Amongst the visual arts, sculpture is one of my favourites. I also love the interface between two and three dimensional art. The piece above sits high above an exhibition space at Te Papa Museum of New Zealand in Wellington. The words are from a World War I recruiting poster. At the time, New Zealand was a British Dominion and was swift to follow Britain in declaring war on Germany and its allies. Almost ten percent of New Zealand’s population served in that war, and this tiny country of around one million souls suffered a casualty rate of 58 percent – amongst the highest of any nation in the conflict.
With some embarrassment I admit that when I took these shots, I didn’t note down the name of the artist, or the work – something I feel quite bad about as I know how important it is to acknowledge the creativity of artists.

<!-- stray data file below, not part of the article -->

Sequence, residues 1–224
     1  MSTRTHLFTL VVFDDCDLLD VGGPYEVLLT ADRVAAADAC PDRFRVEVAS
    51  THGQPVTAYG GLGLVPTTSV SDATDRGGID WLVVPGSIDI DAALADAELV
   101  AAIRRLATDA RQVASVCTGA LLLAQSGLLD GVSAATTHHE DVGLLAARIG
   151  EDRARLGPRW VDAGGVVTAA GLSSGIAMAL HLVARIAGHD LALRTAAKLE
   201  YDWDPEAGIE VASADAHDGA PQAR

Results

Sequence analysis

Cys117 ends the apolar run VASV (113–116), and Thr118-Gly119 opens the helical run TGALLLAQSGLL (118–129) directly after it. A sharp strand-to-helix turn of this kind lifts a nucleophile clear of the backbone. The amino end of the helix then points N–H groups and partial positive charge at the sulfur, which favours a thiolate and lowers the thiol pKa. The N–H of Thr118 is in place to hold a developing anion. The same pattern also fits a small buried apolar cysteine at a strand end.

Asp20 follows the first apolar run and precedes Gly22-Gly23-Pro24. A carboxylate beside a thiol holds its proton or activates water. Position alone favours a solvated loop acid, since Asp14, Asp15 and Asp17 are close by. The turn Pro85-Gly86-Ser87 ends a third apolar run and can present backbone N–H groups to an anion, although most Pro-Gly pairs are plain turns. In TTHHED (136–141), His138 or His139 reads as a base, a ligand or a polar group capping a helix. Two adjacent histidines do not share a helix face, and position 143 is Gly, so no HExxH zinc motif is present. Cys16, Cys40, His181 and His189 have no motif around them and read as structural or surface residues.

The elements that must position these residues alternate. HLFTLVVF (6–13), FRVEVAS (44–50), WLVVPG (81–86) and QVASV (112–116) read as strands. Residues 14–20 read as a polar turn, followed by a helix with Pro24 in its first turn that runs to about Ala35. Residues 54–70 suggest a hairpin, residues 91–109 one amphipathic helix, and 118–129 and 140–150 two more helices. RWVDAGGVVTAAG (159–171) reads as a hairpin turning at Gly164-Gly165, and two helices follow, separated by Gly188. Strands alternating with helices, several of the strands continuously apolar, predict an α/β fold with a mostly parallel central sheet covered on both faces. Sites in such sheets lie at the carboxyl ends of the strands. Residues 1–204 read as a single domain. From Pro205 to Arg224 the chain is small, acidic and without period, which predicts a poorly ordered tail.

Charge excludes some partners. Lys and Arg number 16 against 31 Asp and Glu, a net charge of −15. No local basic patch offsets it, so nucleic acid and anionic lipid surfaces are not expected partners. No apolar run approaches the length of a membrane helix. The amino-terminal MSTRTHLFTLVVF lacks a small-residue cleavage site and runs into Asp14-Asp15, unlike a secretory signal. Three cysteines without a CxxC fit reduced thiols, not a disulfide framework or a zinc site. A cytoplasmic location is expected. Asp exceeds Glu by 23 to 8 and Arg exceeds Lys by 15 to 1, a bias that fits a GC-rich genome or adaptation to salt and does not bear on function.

I loved these two pieces; elaborate coils of wire attached to a white wall. As the light changed throughout the day, visitors experienced different patterns – and indeed different sculptures.
Kerrie Poliness is a Melbourne-based artist. This installation at the Dowse Art Museum, Lower Hutt, NZ consists of lines drawn directly onto the walls with black marker pen – creating the illusion of three-dimensionality.